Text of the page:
Finally, the 535-yard 18th has to be one of the best closing holes in the state. Reminiscent of the 18th at Island Hills in Centreville, this classic hole dares you to carry as much water as you can, without running through the angled fairway. The pond runs all the way to the green on the left side, and promises to swallow over-drawn approaches from big hitters trying to get home in two. And of course, the bunkering and contouring of this green, like all the others here, calls for precision. Be sure to take time to gaze back up the fairway when you've putted out, and see if you can't hear bagpipe music, too.
Tullymore is simply a stunning beauty who can easily turn into a beast when mishandled. The majority of greens are surrounded by steep mounding, slope back to front, and incorporate two or more tiers. If you overshoot them, you'll end up with a downhill, often sideways chip from two-inch rough onto a sloping green that rolls around 10 on the Stimpmeter. There aren't enough curse words in the English language to express how frustrating shots like this are.
Conditions are unparalleled, as are the small touches: Greens and collection/shipping areas are as smooth as the proverbial baby's bottom, and yardages are marked clearly every 25 yards. This latter touch is so very crucial when the design places so much emphasis on solid short iron play. Just beware if you should happen to enter one of the hallmark bunkers: The sand, hauled in from Cleveland, is so white that it can cause temporary blindness in sunny conditions.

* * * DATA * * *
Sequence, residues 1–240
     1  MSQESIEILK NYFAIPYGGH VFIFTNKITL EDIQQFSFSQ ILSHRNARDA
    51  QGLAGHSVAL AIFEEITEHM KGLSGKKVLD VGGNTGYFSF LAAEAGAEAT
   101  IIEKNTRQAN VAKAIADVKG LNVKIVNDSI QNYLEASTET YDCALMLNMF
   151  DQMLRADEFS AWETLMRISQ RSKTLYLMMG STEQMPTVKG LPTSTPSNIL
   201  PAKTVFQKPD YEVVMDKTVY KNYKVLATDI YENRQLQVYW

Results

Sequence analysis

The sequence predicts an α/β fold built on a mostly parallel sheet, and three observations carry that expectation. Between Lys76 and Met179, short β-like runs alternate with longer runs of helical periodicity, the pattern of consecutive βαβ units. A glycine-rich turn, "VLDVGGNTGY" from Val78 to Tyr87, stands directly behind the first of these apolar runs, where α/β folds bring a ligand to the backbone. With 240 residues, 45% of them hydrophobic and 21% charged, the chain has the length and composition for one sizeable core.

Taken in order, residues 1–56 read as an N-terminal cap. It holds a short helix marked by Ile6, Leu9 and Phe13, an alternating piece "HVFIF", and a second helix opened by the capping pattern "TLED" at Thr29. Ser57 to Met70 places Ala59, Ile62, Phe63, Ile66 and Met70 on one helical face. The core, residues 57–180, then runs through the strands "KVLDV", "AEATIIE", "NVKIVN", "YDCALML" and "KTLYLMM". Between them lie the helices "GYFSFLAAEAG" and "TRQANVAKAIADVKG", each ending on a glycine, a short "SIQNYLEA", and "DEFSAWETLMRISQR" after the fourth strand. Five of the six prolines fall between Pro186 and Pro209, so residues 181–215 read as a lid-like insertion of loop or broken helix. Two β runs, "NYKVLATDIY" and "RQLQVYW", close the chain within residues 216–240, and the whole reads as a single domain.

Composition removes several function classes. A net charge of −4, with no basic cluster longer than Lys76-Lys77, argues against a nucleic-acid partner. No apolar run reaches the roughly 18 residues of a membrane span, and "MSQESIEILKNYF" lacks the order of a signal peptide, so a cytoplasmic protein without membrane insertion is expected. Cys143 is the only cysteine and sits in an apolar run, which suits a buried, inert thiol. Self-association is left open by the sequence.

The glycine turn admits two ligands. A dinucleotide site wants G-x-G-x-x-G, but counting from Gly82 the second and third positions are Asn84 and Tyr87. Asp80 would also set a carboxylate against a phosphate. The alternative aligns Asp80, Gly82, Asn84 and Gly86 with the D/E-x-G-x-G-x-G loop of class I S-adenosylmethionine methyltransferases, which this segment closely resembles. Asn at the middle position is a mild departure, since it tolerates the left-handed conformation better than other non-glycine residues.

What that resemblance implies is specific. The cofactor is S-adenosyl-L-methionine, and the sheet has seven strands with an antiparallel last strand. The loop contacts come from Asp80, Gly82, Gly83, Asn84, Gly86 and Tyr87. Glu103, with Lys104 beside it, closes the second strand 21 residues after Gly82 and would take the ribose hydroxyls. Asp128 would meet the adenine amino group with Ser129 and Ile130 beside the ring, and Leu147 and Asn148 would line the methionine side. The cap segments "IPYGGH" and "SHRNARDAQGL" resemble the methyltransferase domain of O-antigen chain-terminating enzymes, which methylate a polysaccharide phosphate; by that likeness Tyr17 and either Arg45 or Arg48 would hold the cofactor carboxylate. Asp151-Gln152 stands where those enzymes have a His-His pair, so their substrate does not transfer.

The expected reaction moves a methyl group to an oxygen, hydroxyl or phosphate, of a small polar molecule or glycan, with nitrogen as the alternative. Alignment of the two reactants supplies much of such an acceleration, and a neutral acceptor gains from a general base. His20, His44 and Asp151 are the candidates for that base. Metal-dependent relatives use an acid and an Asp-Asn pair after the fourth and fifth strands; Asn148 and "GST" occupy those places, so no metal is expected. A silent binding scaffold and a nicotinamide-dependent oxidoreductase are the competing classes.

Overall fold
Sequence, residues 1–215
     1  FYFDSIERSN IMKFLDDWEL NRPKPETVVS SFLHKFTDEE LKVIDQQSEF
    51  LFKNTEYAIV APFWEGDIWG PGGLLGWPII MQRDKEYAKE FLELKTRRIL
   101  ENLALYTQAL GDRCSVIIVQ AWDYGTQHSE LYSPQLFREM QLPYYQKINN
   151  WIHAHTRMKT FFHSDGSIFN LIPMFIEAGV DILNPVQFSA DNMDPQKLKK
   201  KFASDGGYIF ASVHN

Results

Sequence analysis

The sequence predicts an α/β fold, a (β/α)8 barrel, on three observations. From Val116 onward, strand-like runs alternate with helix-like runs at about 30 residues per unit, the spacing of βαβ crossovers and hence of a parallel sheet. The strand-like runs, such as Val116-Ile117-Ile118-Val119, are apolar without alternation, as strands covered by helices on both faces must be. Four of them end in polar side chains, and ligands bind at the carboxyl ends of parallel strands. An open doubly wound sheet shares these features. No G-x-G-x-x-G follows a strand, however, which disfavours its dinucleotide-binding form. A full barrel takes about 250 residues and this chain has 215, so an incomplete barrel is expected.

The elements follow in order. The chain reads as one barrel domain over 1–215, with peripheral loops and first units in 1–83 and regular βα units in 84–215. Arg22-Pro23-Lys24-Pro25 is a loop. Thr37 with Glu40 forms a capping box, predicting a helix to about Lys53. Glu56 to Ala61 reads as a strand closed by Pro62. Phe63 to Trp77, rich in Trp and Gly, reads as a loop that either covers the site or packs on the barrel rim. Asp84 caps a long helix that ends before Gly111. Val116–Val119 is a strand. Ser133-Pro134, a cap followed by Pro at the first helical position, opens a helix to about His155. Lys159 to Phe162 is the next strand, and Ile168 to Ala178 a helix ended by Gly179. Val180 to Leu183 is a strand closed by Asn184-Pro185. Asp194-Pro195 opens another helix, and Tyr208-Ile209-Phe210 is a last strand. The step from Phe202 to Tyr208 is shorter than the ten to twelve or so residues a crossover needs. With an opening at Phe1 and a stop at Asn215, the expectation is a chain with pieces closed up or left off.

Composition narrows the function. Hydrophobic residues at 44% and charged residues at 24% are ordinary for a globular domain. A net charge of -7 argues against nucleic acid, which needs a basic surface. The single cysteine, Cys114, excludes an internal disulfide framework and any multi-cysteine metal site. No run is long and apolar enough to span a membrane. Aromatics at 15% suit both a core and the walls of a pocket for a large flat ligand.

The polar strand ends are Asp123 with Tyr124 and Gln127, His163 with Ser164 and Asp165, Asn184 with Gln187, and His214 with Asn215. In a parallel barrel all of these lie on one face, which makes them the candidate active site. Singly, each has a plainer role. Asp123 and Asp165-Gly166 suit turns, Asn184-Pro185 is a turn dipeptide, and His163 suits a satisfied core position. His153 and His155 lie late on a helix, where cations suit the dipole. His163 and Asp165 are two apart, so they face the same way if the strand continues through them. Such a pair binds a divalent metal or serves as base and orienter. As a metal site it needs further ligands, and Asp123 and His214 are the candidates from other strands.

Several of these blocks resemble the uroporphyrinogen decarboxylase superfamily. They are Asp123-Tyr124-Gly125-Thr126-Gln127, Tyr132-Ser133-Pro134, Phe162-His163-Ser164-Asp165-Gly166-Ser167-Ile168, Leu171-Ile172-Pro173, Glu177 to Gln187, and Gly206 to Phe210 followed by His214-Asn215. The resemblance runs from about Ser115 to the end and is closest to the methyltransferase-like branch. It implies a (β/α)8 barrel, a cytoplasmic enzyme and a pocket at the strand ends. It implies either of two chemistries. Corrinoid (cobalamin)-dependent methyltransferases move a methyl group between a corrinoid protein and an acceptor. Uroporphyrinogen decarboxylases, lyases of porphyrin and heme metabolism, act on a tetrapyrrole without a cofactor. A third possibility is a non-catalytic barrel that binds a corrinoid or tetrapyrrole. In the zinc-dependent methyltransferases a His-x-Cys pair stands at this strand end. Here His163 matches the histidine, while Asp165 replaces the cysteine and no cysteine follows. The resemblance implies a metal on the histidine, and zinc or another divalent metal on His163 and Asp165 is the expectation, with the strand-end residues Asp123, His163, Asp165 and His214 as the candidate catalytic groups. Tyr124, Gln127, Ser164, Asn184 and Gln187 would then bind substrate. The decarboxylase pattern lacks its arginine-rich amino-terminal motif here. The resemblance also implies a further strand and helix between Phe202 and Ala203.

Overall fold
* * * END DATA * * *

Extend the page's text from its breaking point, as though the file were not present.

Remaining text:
And, as one would expect at the sister course of St. Ives, which has earned one of two 5-star ratings in Michigan from Golf Digest, Tullymore's practice facilities and customer service are top-notch. The course even stations forecaddies with radio headsets on several holes to help track wayward tee shots and improve the pace of play. (Why don't more courses do this?)
The "buzz" emanating from the golf writers and dignitaries present at Tullymore's grand opening was not (totally) due to the complementary drinks: We were the fortunate witnesses to the start of something special. Tullymore has an Irish heart and northern Michigan's ruddy complexion; it's got the beauty of a princess, and the playful nature of a leprechaun. There may not be gold at the end of any rainbows up here, but there are pots of priceless golf stories waiting at the end of each and every round.
September 5, 2001